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Al Ansar Football Club (Arabic: نادي الأنصار الرياضي‎, lit. 'Supporters Sporting Club') is a Lebanese football club based in the Tariq El Jdideh district of Beirut. Formed in 1951, the club did not win its first Lebanese Football League until 1988, when went on to set a world record by winning the league 11 seasons in a row. Ansar have won the most Lebanese Football League titles and Lebanese FA Cups than any other club, with 13 and 14 titles respectively. The club's support comes in majority from the Sunni community and they have been funded by Rafic Hariri till 2005.[2][3] Nabil Badr is the club's president and main patron since 2012.[4]

Alansar logo.png
Full nameAl Ansar Football Club
Nickname(s)الزعيم الأخضر (The Green Leader)[1]
Short nameANS
Founded1951; 68 years ago (1951)
GroundBeirut Municipal Stadium
ChairmanNabil Badr
ManagerAbdullah Abu Zema
LeagueLebanese Football League
2018–19Lebanese Football League, 2nd
WebsiteClub website



In 1948, a group of young Beirutis set up the first Administrative Board at the club headed by Mustafa Al-Shami. It was only 3 years later when Misbah Dougan, then head of the Administrative Board, formally requested an official licence for the club allowing them to play football on all Lebanese grounds.[5] Their name originated from the word "victory". They were to be called "Al-Intisar", however a club with that name was already present Mustafa Al-Shami proposed "Ansar" in remembrance of the ‘Ansar’ (supporters) of the Prophet Muhammad.[5]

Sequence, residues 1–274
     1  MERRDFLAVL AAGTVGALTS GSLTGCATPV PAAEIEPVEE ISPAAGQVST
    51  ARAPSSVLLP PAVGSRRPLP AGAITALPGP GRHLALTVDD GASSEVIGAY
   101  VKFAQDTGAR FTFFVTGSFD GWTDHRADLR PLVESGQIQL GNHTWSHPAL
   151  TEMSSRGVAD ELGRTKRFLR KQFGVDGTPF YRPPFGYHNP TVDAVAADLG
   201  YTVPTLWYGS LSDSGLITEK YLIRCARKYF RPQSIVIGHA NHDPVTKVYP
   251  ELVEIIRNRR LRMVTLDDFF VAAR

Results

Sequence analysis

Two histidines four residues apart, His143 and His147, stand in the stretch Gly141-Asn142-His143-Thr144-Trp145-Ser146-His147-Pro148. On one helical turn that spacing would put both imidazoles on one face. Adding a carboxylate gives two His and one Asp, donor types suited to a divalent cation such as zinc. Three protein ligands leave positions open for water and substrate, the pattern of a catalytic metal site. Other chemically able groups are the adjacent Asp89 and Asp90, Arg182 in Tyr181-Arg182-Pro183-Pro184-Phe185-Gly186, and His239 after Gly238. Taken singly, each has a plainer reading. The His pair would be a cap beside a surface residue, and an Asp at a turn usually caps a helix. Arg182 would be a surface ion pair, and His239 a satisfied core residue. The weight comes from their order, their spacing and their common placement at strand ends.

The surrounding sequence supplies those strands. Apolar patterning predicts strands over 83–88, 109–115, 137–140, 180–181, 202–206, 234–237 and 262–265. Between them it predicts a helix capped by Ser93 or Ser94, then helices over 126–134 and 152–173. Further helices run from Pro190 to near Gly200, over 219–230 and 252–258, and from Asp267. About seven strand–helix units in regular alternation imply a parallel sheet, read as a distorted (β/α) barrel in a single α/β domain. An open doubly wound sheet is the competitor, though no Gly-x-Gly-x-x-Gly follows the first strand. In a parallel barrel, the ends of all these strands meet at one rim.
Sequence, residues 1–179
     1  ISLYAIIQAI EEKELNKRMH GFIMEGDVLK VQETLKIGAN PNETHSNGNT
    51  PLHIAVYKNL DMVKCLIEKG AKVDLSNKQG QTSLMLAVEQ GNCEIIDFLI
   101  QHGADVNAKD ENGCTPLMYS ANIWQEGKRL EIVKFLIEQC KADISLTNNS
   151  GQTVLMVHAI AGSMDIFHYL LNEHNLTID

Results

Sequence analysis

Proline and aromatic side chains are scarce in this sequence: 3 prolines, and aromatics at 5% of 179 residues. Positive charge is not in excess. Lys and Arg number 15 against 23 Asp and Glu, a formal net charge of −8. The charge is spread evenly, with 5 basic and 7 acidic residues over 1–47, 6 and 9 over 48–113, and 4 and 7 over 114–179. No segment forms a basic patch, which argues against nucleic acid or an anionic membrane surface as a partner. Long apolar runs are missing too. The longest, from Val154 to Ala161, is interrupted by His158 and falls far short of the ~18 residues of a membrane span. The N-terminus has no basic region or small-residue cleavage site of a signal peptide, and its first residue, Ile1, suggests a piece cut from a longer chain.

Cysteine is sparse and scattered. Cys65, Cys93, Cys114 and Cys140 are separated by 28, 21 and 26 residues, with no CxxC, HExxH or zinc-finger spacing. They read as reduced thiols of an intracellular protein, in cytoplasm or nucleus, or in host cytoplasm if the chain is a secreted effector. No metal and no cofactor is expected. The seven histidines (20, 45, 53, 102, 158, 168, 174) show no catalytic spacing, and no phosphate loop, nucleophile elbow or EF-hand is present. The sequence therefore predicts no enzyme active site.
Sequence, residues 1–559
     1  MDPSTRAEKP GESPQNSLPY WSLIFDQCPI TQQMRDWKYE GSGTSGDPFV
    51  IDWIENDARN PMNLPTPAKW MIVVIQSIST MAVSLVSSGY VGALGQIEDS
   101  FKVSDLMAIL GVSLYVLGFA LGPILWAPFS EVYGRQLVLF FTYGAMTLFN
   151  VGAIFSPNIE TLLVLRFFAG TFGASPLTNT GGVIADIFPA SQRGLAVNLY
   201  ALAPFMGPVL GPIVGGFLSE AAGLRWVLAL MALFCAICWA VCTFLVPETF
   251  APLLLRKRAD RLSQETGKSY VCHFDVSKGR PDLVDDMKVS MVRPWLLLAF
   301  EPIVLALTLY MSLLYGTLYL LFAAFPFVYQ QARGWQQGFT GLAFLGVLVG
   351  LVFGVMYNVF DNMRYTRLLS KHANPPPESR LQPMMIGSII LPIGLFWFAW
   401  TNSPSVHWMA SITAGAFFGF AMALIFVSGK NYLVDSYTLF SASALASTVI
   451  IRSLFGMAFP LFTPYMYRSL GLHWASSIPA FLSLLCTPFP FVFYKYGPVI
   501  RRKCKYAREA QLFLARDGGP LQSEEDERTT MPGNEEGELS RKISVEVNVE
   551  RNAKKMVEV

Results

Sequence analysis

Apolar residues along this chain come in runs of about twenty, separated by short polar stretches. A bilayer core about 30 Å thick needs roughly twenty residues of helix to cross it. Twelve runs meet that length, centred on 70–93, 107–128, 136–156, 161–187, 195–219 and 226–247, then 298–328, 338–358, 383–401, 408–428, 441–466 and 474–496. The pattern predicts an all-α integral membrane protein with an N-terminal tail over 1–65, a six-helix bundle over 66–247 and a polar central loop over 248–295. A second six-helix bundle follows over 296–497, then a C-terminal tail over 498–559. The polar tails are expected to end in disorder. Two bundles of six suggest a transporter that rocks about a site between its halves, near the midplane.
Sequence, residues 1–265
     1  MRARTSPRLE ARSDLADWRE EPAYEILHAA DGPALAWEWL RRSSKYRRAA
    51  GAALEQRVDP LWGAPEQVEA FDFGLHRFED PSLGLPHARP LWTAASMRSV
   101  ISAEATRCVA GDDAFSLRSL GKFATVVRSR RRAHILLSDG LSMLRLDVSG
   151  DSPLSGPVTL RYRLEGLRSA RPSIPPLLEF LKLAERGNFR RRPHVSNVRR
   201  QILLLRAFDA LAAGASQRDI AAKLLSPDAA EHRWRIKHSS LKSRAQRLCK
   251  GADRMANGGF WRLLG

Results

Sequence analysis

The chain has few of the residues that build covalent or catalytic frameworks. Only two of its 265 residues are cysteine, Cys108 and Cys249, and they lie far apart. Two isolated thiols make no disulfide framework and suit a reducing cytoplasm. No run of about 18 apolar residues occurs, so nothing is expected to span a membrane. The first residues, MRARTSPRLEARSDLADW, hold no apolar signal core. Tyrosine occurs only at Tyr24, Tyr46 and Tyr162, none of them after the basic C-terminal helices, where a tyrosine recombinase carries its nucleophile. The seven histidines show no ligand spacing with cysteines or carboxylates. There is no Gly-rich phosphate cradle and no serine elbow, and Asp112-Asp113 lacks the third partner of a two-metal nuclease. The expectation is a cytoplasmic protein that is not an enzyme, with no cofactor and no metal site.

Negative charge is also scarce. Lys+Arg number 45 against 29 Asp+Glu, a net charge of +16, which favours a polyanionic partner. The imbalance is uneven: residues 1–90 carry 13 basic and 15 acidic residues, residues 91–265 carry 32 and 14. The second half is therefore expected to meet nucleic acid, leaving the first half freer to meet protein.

Initially, Ansar was known as a Mount Lebanon team, rather than a team from Beirut. This is because, as Beirut had already too many clubs, the Federation decided to relocate Ansar to Ghobeiry.[5] In 1965, Ansar moved to Beirut and won the 1965–66 Lebanese Second Division and was promoted to the Lebanese Football League the following season.[5]

Colours and badgeEdit

Due to the naming, Ansar use green as its main color in reference to one of the common Islamic colors. From the foundation of the club, the home kit is composed of a green shirt and white shorts, lately with green or black shorts. The away kit has traditionally been with an orange shirt and black shorts.

AFC 96-97

Ansar's crest has changed two times. Originally it consisted of the following:

  • A torch that has five tailed flames, resembling the five pillars of Islam;
  • Wheat as the symbol of agriculture, in reference to the former USSR coat of arms;
  • A green ribbon showing the date of foundation.

In 2004, the board led by Karim Diab suggested to modernize the crest without changing the core of the design as shown nowadays.


Although the club's roots lie in the Sunni community in Beirut,[6] Ansar's support comes from all areas and religions in Lebanon. The club has been associated with the Hariri family from the early 90s till 2005.[6] In 2018, following the introduction of ultras groups in Lebanon, "Ultras Ansari 18" was formed.[7]

Club rivalriesEdit

The "Beirut Derby" with Nejmeh has historically been the most anticipated game in Lebanon: both located in Beirut, Nejmeh and Ansar have shared the majority of titles. While Nejmeh has been more successful in Asia, Ansar holds the most league titles and FA Cups.[8]